It is important to remember, however, that the mark of an effective legislative party leader is not what he or she says in a press conference and/or press release. Leadership puts out tons of press releases and holds a myriad of press conferences. That is something that must be done, but press conferences and public statements alone do not win majorities. I challenge Leader Mumpower to translate these very important ideas into debate on the floor of the House. As regulars might have figured out
, I often sit down and watch committee hearings and floor debates. Usually I watch the recorded version because I rarely have time to sit through the live one (especially in sessions late in the year such as these), and I can fast forward through the milk of the session and get right to the meat, thus enabling me to observe who is debating and who is singing kumbuya with the Democrats. We have real fighters, we have real debaters, but they seem to be few.

If Jason Mumpower is concerned that by standing up and taking the majority to task in a very hard and passionate way that he may burn bridges on the other side of the aisle, then I submit that this is not his problem, it is the problem of members of the party opposite. If neither he nor other members of the Caucus think themselves capable of divorcing their personal friendships with members across the aisle from what they are duty-bound to do as members of a minority trying to reach a governing majority, then they will never get an effective majority at all.

For the Democrats' part, they are so consumed with power that any Republican that stands up and fights on the House floor for principles is deemed to be a rabble-rouser and isn't one who "builds relationships." What that really means is "they don't accept that we run the show." Conservatives and Republicans shouldn't accept that Democrats run the show-that is not acceptable. Republicans should be running the show and should be fighting tooth and nail to insure that they are worthy to be the governing majority in the House. If, on a personal level, some Democratic legislators can't accept that some of their Republican friends have a duty to bring a majority about, and they can't separate personal relationship from legislative duty, then they are the ones with the problem.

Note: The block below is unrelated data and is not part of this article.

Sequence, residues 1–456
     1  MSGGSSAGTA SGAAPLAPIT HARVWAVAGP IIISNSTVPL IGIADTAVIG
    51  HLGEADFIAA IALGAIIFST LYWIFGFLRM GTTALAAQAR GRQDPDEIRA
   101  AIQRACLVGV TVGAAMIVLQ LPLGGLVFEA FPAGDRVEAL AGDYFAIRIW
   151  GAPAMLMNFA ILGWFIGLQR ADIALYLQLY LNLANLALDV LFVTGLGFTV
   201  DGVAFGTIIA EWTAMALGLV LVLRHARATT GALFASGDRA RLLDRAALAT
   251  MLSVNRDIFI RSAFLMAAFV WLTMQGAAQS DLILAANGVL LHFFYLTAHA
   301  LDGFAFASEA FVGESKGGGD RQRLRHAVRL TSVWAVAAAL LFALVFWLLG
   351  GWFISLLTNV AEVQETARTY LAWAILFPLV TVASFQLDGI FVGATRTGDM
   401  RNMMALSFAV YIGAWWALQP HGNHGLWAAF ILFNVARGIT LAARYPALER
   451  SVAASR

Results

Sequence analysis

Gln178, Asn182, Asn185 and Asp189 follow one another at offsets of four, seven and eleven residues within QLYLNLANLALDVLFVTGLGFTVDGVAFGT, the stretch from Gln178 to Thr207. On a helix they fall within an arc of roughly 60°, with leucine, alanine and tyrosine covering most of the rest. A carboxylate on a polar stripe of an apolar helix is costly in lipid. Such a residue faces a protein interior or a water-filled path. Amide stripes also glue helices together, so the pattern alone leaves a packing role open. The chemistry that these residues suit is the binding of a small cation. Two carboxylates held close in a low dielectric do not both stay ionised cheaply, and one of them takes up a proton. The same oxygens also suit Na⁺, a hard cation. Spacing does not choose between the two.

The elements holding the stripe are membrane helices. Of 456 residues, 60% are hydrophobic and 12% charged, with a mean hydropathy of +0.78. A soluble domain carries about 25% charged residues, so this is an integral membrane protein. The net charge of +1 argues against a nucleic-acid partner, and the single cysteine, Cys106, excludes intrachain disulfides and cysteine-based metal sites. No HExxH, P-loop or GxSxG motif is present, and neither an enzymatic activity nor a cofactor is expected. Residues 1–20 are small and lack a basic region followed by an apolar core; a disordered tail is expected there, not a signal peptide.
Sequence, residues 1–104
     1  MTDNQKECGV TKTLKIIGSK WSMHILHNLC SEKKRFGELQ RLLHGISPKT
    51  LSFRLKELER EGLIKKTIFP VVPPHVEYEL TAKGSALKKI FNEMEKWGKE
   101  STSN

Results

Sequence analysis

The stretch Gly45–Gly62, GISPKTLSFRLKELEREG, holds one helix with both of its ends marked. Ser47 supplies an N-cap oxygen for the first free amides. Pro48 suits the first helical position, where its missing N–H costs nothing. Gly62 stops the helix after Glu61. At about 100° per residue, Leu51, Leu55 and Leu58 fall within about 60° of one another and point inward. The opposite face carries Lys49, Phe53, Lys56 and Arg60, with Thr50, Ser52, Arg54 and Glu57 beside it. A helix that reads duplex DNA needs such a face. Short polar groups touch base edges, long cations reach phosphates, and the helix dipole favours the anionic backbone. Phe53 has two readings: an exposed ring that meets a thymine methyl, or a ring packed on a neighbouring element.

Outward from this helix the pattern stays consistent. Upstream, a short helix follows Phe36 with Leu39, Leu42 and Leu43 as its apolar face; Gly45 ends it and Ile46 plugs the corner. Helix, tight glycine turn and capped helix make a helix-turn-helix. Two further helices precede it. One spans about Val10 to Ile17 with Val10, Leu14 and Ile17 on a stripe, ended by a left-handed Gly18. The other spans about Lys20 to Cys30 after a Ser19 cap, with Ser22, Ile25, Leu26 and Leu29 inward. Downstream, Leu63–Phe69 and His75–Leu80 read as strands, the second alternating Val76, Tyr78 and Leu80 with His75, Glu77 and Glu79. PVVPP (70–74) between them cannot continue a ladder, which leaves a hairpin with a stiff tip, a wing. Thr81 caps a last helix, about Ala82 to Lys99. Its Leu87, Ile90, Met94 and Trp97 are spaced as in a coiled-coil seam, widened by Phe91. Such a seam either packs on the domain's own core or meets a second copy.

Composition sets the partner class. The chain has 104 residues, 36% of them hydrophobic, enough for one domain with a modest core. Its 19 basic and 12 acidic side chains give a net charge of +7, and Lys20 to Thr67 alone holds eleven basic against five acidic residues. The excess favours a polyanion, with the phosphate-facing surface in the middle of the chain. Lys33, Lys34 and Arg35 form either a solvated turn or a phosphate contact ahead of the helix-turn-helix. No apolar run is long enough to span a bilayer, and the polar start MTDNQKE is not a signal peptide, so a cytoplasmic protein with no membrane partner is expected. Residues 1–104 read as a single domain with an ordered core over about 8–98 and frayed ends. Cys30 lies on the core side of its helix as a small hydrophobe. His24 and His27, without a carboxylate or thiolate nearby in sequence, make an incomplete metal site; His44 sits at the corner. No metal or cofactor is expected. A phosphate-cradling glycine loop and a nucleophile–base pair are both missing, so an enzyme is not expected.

There is a difference between developing friendships across the aisle and working on areas where you can agree and doing what you know to be right in spite of what the majority says. We should work with the Dems where we can work together, but fight hard on the floor for what is right. Do not merely jockey to be in Naifeh's good graces.

I am not Newt Gingrich's biggest fan, but Jason Mumpower would do well to remember that Gingrich brought the Republicans to a majority in the federal House in 1994 as much with good speaking and debating and hard floor fights as with good campaigning. He knew how to make the two work hand-in-hand.